Kengo Kuma: Complete Works

Kengo Kuma: Complete Works
Kengo Kuma, Kenneth Frampton
Thames & Hudson, October 2018 (Second Edition)

Hardcover | 9-3/4 x 12 inches | 352 pages | 420 illustrations | English | ISBN: 978-0500343425 | $75.00

Publisher Description:
Since establishing his practice in 1990, Kengo Kuma has brought contemporary vigor to Japan’s already rich modern architectural heritage and developed projects far beyond his native country. Influenced by a period at Columbia University in New York and by the lessons of his mentor, Hiroshi Hara, Kuma has forged his own pared-back language: responsive to local nature and traditional construction, entirely contemporary in its execution, yet rooted in a Japanese sensibility.

The experience of his buildings is hypnotic and highly sensory. Much of this powerful effect is achieved by Kuma’s deft, sometimes dramatic, use of materials. Projects in the past five years alone include two museums in France, landscape projects in Italy, hotels and large- scale retail and commercial projects in China, and numerous projects in Japan, including a kindergarten.

Published to coincide with the opening of Kuma’s new Victoria & Albert Museum in Dundee, Scotland, with the architect’s direct involvement, this volume, expanded to include five new projects, offers unparalleled insight into the mind of one of the great architects of the twenty-first century.
dDAB Commentary:
In the realm of architectural monographs, what constitutes a "complete works"? The most obvious precedent for such publications is Le Corbusier's Oeuvre Complete, which was produced in eight volumes from 1929 to 1970. Some architects have used the same tactic, producing a series of "complete works" over time in a series. One of the best is Renzo Piano's now five-volume set, all published by Phaidon and done with Peter Buchanan. Another approach to the "complete works" is a single volume that is updated over time. Such could be the case with Frank O. Gehry: The Complete Works, which was first published as a 614-page hardcover tome in 1998 and then reprinted in paperback five years later. Best I can tell, it was going to be updated in 2012 but that never happened for reasons I don't know. Regardless of the apparent lack of updates, I love the 1998 book for including every building and furnishing Gehry designed, from the high to the low, the known to the unknown; it is exhaustive and therefore indispensable. Other architects given single-volume "complete works" include Tadao Ando, Shigeru Ban, and Zaha Hadid (all done by Taschen).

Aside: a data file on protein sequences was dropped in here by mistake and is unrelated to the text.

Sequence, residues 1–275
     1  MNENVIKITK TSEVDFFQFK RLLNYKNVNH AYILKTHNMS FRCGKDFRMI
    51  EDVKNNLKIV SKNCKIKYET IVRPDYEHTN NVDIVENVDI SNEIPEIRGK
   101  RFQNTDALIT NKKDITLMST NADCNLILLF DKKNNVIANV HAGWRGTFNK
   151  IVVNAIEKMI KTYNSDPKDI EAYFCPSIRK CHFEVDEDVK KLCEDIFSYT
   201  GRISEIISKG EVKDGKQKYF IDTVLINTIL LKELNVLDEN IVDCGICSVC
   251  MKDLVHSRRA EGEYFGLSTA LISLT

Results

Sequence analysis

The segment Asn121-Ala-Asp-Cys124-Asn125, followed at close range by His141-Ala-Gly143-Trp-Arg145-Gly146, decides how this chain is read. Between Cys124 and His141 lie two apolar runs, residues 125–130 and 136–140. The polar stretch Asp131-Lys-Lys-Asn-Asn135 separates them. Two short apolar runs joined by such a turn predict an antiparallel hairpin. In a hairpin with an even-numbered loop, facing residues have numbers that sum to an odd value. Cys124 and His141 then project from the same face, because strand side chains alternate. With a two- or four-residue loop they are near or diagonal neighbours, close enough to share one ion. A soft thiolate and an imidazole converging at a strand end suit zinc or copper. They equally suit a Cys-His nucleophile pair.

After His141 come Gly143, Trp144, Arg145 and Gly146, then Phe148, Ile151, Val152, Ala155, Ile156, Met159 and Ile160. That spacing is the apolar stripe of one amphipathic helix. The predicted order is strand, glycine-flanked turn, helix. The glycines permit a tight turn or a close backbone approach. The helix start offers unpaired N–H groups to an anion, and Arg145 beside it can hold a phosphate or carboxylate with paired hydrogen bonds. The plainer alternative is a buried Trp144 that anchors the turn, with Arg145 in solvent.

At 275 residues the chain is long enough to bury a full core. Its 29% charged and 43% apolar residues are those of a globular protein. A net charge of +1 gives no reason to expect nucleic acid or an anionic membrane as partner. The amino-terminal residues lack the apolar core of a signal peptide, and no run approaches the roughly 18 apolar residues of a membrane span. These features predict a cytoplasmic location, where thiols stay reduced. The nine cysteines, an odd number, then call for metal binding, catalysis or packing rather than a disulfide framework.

Receiving a copy of the second edition of Kengo Kuma: Complete Works, I thought I was getting something akin to the Gehry monograph, with documentation on all of the Japanese architect's output. Unfortunately it's far from that. The hefty book presents 30 completed buildings by Kengo Kuma and Associates, far less than the "complete" output of the prolific architect. (In fact, the "Architecture" section of Kuma's website shows completed buildings in a grid of 30 projects -- and there are nearly 6 full pages of them!) The only thing that makes this monograph a "complete works" is the chronological list of projects at the back of the book; but a list doesn't make a "complete works." When seen as a more traditional monograph, in which those 30 buildings are grouped into thematic chapters by prevalent building material and follow a scholarly essay by Kenneth Frampton, it's a very good book, one that makes a good argument for Kengo Kuma to one day receive the Pritzker Architecture Prize. But as a "complete works," the book is deceitful, disappointing. Thames & Hudson should change the name of the third edition or offer a literal "complete works" for an architect deserving of the treatment.

Author Bio:
Kengo Kuma is a leading Japanese architect whose work artfully combines the country’s traditional building crafts with sophisticated technologies and materials. He is the author of several books, including Anti- Object and Kyokai: A Japanese Technique for Articulating Space. Kenneth Frampton is Ware Professor of Architecture at the Graduate School of Architecture, Planning and Preservation at Columbia University.
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